'These days I am not really into eating,' she said, handing Prentus the fruit with a courteous smile, 'but I do remember that it tastes quite good. A bit like a pear, but more juicy… Now, I wonder what is keeping the others?'
'O-others?' Prentus stuttered, struggling to hold on to the skinned fruit, which was now slippery with juice, as one does with a bar of soap.
'Yes,' the woman replied absent-mindedly, peering down slope that lead from the bay to the island.
In a short while, other cloaked figures started emerging out of the wet mist, shivering and muttering bewildered remarks. Prentus gaped at each of them, as they gathered round the woman, as if awaiting instructions. First there came a woman, small and light-footed – a Bosmer, perhaps – armed with a bow and arrows. She turned on her heels, quickly taking in the surroundings, and exclaimed, 'Why, Sister, that's some shelter!'.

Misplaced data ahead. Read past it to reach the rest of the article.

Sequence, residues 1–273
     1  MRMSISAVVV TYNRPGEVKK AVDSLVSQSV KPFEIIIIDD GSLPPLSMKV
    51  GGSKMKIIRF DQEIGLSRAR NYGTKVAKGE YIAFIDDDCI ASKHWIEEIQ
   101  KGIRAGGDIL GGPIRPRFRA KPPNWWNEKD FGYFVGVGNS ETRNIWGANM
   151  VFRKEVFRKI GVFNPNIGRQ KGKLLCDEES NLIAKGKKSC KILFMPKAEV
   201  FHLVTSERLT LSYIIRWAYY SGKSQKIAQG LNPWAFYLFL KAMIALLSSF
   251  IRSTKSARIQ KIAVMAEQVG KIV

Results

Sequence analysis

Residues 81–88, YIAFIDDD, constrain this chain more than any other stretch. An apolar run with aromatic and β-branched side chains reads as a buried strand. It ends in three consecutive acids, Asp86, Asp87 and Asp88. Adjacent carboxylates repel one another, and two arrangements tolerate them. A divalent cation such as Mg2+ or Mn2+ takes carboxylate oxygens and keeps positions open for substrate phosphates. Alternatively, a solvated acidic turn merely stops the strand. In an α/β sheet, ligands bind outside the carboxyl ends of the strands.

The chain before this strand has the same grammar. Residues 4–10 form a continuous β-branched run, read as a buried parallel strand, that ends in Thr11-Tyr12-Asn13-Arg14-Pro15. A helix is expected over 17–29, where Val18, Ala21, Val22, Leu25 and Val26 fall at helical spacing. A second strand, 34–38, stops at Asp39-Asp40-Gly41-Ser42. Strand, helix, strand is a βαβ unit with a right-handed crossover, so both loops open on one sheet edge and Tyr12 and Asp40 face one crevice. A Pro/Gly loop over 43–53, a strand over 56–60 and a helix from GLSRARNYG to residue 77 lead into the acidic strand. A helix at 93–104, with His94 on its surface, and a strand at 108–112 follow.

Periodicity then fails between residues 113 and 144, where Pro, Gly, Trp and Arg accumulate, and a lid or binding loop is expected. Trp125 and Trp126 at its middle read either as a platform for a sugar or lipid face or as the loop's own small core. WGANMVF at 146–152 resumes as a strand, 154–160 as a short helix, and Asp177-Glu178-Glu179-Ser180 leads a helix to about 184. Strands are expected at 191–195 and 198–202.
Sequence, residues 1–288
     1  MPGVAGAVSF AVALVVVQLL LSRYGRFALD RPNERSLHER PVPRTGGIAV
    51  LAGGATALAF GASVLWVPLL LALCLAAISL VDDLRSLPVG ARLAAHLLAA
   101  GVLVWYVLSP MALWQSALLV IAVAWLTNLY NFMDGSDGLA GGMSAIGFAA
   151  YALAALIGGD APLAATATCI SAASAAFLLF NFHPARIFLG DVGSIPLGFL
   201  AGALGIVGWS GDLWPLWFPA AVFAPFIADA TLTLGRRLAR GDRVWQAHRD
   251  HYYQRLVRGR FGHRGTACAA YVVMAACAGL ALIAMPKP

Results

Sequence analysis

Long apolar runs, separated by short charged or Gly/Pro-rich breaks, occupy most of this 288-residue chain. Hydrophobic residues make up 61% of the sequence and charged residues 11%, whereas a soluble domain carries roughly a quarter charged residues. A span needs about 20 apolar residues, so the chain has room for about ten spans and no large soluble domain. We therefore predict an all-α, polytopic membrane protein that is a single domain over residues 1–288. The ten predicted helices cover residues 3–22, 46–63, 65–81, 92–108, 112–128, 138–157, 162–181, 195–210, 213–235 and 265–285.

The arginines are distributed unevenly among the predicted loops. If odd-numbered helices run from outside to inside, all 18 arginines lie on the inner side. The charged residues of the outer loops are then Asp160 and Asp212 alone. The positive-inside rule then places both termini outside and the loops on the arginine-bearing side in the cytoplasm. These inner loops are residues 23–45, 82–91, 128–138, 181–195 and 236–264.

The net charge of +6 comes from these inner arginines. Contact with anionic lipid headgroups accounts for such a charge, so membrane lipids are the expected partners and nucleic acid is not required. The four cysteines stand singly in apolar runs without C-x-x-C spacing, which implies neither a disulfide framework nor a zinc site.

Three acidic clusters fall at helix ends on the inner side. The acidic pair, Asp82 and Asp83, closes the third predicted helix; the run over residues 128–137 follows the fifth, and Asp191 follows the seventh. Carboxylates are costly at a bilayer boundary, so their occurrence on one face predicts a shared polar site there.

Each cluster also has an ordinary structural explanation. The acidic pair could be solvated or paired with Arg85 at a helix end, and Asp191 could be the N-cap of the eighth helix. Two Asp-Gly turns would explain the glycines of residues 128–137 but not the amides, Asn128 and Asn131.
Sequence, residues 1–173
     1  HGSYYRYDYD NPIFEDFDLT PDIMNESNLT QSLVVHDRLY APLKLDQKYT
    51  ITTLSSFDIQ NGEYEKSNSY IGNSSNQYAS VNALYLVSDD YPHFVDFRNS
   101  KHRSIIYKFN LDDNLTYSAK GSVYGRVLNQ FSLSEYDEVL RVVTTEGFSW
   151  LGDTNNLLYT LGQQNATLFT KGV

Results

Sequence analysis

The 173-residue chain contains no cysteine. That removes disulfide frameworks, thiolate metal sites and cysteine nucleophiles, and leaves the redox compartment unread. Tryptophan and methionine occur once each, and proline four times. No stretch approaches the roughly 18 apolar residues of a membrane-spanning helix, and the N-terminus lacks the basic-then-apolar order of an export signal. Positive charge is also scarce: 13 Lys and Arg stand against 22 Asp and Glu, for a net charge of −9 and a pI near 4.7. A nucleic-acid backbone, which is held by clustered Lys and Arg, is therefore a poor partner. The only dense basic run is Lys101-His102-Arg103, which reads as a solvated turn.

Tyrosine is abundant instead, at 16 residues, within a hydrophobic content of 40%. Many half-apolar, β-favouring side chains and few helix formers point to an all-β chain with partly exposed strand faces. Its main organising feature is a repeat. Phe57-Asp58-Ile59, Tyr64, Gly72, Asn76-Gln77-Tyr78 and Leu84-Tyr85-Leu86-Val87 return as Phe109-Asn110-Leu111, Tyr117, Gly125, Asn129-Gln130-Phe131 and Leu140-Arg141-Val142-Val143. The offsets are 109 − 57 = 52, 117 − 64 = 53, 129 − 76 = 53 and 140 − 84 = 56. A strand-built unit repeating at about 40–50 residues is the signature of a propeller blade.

She was closely followed by a man, who was gazing around in wonder with eyes just as red as the Dunmer's.
'I am sorry it took us so long,' he said, approaching the two women; by the sound of his voice, Prentus guessed that he was a Breton, 'We had a bit of an argument as to what to do with the boat. In the end, brute force won; Gogron is chopping it to pieces even as we speak'.
'Good,' said the Dunmer, allowing the Breton to put his arm around her waist, 'The less clues we leave behind, the better'.